Indonesia reports 1,043 new COVID-19 cases, biggest daily rise recorded

Indonesia reports 1,043 new COVID-19 cases, biggest daily rise recorded

A woman is seen wearing a face a shield and protective face mask at a station as the government eas
FILE PHOTO: A woman is seen wearing a face shield and protective face mask at a station as the government eases restrictions amid the coronavirus disease (COVID-19) outbreak in Jakarta, Indonesia, June 8, 2020. REUTERS/Ajeng Dinar Ulfiana

JAKARTA: Indonesia reported 1,043 new coronavirus infections on Tuesday (Jun 9), its biggest daily rise, taking the total number of cases to 33,076.

There were also 40 new deaths, bringing total fatalities to 1,923, said Achmad Yurianto, a ministry official.

The Southeast Asian country has tested more than 281,650 for the virus as of Tuesday, data by its COVID-19 task force showed.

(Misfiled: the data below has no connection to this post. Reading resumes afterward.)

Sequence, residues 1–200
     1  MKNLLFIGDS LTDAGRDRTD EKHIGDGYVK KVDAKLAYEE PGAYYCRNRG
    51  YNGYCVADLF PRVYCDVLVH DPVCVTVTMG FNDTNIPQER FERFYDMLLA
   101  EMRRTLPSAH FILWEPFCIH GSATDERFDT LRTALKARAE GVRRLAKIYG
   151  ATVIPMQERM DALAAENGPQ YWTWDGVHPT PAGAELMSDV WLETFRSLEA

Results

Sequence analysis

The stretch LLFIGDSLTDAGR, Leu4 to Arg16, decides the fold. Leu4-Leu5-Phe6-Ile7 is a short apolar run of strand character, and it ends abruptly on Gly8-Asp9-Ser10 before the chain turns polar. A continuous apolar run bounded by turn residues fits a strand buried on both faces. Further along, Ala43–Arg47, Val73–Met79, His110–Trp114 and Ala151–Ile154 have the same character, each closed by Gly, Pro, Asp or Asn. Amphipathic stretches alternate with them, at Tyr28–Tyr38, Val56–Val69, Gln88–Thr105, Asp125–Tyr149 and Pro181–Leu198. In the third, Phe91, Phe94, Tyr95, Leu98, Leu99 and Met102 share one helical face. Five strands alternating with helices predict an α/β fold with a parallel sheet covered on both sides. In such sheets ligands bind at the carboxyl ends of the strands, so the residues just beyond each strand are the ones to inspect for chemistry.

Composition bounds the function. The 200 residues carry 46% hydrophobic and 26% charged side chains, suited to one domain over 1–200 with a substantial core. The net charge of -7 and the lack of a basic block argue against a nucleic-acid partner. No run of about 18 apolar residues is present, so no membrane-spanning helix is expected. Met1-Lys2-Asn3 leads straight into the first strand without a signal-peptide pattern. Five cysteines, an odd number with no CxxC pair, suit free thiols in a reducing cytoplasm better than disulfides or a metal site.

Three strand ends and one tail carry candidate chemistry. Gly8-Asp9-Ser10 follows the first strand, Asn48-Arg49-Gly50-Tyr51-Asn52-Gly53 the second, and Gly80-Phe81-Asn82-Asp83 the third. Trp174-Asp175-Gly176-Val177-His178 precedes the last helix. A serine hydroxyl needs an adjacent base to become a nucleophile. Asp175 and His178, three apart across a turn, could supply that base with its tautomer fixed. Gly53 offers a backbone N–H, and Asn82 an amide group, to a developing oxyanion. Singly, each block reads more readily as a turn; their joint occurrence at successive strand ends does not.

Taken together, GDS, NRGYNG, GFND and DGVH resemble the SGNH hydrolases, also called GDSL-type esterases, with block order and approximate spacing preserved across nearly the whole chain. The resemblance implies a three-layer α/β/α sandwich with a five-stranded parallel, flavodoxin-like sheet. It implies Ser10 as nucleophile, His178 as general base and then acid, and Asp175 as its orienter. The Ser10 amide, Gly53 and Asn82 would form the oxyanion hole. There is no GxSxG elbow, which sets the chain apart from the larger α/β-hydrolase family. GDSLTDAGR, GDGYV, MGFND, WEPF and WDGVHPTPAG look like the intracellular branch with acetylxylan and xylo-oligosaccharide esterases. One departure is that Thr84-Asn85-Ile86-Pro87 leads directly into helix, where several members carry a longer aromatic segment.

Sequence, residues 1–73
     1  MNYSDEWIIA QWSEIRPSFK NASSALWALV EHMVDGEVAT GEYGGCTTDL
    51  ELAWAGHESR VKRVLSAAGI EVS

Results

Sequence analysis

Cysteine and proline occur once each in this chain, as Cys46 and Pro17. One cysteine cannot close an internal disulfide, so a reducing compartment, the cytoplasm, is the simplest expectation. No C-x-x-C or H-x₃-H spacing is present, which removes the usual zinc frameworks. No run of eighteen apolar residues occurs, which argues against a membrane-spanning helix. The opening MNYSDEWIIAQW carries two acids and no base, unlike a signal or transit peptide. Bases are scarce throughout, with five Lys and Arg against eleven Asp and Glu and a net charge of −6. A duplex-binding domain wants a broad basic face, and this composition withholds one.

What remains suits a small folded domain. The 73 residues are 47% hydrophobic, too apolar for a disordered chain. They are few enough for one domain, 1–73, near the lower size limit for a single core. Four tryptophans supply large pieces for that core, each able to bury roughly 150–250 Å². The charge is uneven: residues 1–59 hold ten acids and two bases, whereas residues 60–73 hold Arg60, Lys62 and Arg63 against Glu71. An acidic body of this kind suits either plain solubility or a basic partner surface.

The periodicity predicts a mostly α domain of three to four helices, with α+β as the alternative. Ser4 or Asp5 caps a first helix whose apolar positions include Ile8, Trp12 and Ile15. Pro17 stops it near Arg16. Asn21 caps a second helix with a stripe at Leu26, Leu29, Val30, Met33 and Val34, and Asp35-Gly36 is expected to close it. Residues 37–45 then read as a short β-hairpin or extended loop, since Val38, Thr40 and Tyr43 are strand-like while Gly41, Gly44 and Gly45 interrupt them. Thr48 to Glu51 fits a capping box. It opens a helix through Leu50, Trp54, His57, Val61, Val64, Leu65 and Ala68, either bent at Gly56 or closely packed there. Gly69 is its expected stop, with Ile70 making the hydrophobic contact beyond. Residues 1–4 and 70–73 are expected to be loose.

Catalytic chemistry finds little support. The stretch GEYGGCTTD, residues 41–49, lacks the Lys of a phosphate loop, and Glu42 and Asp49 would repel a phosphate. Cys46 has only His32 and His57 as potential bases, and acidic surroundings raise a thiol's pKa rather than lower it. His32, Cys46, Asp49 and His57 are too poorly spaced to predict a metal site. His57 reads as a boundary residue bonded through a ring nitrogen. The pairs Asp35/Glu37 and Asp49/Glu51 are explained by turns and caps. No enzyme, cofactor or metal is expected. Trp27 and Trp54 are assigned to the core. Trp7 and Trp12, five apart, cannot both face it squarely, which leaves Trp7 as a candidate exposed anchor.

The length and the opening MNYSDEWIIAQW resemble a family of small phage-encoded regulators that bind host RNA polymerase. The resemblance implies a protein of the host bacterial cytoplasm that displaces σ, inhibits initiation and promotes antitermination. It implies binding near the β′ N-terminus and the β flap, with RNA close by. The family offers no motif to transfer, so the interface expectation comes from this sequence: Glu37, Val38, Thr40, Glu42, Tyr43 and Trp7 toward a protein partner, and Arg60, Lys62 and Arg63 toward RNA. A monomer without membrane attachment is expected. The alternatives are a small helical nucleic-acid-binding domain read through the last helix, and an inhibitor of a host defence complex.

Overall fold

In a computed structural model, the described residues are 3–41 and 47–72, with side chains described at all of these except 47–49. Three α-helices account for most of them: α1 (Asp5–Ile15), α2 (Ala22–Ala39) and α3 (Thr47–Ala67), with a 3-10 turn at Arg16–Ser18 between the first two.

As of Monday, about 10,904 patients have recovered, the health ministry said.

Since last week, Jakarta has been lifting its COVID-19 curbs in stages, beginning with the reopening of mosques on Jun 5

Restaurants and shops, which are not located in malls, along with transport services were back up and running in Jakarta on Monday.

Offices were also allowed resume operations on Monday, with half of the employees continue to work from home. 

READ: Jakarta extends large-scale social restrictions, curbs to be lifted in stages

Meanwhile, shopping malls will be allowed to reopen on Jun 15, while people can start visiting recreational parks on Jun 21 and 22.

However, schools, private learning institutions and daycare centres have to remain closed during this transition phase.

Domestic flights in Indonesia also resumed on Tuesday, provided airlines operate at 70 per cent capacity and follow strict protocols.

All travellers will be required to wear masks, maintain physical distancing and present a recent health certificate to show they have tested negative for the coronavirus.

Flights have been restricted in Indonesia in response to the COVID-19 pandemic, but in recent weeks migrant workers returning home and those travelling for work in exempt sectors, such as health and security, have been allowed to fly.

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Source: Reuters/CNA/lk

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